so i am must be heard AND seen again..
let them wonder what the Glory of the "Anna Bayke" then they will realize...THAT IS A TRUE PRO!

5:47 PM  
Anonymous Anonymous said...

hey anna,

MEDIOCRITY! that's the word that comes to mind as i peruse fashion magazines now. these celebrities are all over place and i've gotten so very bored. like come on, kate hudson on july vogue?

i think it's the whole idea of celebrity and exposure that brought all of this on because people nowadays are so much more visual AND voyeuristic. the masses want to live those celebrity lives. actors are the new supermodels. after the fashion model phenomenon of the nineties, hollywood girls said "why not us?" so they glammed up, went to couture shows, borrowed the expensive clothes, appeared on the red carpet, and voila!

like you said, designers get high visibility on the red carpet when actors wear their designs. i believe the perception is that actors are so much more human than models simply because they are more accessible. they are not as physically perfect, they are much more tangible because of film (you can hear them talk and see them move, as opposed to a superstar mannequin on a print editorial)AND they make tons of money which we all would like for ourselves. so the masses are drawn to this materialistic pop culture phenomenon. add to that the attractive notion that everybody can be a celebrity nowadays thanks to the internet (my space / you tube) and shows like american idol. the actress on the fashion magazine cover just makes the idea a little more achievable i suppose.

and also, like you, i do want models back on the cover of magazines but i'm afraid there's no one around to swing the pendulum back. there's been a sad shortage of good ones. there has not been anyone truly fabulous since linda. not even giselle cut it for me. as far as i'm concerned she was just vavava-voom and not much else (for those readers out there who think she's the bomb, well, sorry but i beg to disagree). no one has grace and talent. no one can walk! truly walk!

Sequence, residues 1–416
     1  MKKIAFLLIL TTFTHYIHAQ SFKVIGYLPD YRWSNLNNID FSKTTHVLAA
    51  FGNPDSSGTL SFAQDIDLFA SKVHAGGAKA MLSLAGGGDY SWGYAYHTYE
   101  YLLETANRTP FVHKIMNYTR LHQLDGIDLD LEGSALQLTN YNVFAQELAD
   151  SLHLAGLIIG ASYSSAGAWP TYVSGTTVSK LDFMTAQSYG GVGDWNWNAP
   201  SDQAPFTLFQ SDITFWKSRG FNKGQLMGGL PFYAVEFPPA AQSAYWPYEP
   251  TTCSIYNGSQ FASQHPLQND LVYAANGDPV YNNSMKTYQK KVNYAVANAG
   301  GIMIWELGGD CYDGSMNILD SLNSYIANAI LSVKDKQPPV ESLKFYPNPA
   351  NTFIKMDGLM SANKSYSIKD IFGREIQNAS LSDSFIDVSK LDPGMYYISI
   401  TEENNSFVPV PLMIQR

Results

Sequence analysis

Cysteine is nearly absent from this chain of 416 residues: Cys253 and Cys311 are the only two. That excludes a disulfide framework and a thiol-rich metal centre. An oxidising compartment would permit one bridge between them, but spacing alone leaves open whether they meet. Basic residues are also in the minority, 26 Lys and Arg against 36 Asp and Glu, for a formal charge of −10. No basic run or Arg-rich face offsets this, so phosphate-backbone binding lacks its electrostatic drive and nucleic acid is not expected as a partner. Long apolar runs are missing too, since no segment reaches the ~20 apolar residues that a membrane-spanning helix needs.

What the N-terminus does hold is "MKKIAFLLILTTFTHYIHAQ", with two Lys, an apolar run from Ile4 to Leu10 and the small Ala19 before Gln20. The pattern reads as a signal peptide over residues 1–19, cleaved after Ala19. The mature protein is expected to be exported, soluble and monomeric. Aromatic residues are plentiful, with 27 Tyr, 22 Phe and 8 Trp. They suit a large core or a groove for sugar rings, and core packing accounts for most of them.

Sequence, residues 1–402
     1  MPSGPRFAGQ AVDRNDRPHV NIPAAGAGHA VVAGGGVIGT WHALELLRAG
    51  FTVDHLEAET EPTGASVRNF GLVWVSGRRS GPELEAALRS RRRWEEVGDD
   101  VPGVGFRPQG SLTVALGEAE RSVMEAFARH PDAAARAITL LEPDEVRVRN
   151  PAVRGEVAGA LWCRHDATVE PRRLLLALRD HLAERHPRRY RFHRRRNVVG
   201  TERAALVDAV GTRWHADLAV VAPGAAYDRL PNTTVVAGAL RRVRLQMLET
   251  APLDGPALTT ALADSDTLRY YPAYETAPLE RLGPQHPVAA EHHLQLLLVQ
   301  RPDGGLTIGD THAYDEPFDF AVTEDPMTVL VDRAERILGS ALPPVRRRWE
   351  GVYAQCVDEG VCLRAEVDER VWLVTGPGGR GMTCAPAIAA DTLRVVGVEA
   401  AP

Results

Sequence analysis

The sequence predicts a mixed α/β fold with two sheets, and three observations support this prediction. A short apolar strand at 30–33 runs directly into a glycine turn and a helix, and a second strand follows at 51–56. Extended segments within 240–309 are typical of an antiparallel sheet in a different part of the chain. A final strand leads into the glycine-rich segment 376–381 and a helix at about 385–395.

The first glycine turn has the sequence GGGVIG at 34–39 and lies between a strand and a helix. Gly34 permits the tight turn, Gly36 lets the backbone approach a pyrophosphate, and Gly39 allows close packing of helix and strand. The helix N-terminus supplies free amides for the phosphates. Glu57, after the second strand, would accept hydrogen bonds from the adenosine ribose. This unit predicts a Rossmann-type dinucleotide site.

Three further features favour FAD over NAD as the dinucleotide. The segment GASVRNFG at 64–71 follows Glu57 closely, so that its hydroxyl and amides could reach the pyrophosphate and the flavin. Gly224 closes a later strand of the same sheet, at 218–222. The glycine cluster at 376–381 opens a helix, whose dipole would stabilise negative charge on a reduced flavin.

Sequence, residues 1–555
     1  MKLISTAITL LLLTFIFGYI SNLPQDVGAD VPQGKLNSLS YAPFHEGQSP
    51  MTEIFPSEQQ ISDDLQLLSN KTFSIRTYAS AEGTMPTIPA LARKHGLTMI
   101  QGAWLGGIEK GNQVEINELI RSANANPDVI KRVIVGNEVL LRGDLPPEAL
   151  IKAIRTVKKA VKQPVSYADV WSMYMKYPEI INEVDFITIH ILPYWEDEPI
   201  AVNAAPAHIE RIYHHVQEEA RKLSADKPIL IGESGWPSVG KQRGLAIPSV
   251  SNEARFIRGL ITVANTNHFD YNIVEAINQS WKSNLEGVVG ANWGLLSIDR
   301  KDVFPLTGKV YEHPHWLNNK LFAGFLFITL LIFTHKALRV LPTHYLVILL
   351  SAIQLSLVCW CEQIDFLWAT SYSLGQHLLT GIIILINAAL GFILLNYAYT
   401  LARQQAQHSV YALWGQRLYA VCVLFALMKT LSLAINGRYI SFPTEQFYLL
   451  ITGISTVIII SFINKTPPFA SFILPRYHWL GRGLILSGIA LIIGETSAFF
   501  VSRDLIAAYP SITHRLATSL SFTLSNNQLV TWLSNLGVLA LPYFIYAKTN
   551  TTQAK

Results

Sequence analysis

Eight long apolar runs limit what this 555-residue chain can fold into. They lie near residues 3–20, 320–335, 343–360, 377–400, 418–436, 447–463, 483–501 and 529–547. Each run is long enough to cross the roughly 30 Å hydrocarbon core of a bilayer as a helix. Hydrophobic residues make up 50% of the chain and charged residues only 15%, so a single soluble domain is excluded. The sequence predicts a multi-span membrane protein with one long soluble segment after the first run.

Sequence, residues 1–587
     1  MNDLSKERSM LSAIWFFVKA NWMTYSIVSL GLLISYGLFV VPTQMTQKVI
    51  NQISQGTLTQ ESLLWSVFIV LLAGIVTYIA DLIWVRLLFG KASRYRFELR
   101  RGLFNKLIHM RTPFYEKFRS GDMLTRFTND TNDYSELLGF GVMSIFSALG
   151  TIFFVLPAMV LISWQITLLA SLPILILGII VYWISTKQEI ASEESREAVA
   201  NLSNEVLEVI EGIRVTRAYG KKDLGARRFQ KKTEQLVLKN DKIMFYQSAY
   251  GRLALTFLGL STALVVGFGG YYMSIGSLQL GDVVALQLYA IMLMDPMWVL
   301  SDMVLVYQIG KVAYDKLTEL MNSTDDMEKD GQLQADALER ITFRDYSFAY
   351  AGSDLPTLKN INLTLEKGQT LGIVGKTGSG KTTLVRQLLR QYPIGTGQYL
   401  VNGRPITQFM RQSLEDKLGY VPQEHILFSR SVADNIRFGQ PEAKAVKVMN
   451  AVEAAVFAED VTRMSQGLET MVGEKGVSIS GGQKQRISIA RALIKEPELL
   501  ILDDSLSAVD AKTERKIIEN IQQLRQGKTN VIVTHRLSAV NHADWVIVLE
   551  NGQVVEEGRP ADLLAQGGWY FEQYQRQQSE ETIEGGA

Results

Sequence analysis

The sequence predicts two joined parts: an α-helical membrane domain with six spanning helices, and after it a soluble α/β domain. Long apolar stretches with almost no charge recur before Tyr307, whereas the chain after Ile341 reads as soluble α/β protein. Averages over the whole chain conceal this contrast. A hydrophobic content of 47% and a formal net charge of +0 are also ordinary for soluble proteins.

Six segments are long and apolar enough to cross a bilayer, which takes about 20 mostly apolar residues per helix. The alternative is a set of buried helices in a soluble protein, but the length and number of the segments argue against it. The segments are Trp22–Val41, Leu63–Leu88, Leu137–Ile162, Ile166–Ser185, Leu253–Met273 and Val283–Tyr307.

editors do have their work cut out for them, don't they...

juan miguel

1:09 PM  
Anonymous Anonymous said...

Dear Ms Anna,

First, let me congratulate you for the wonderful work that you are sharing to the world! Your Newsletter is Amazing!!!! Your website, I have visited a couple of times and I am so proud to be a Filipina! You and all the rest who have brought prestige and honor to all of us Asians, in what ever field they are in, are indeed great examples for this generation... Your beauty, grace and passion for your craft will continually inspire alot of Asian women to aim for the best!

I love this editorial in particular and I must agree with you when you say that fashion is a cycle..I just wish that this one cycle will soon be over. I long for the day that I will once again see models on the covers of Elle, Vogue, Harper's and all other fashion magazines! Fashion Magazines must live up to their objective/s and their vision/s.. it is what makes them unique and powerful! I still believe in them...

I pray for you continued success and again, I am grateful that you are sharing your thoughts to the world!


Lorena Pangan

12:55 PM  
Anonymous Anonymous said...


4:19 PM  
Anonymous Anonymous said...

I think I can answer your question. The real models are still there; they haven't gone away.

Why are actresses now on the magazine covers, then? My guess is that these actresses need some type of work to do while reality stars and lesser-known gods capture the attention of entertainment producers. Their agents are pushing to get them noticed again and magazine covers DO attract attention.

6:31 PM  
Anonymous Anonymous said...

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12:30 AM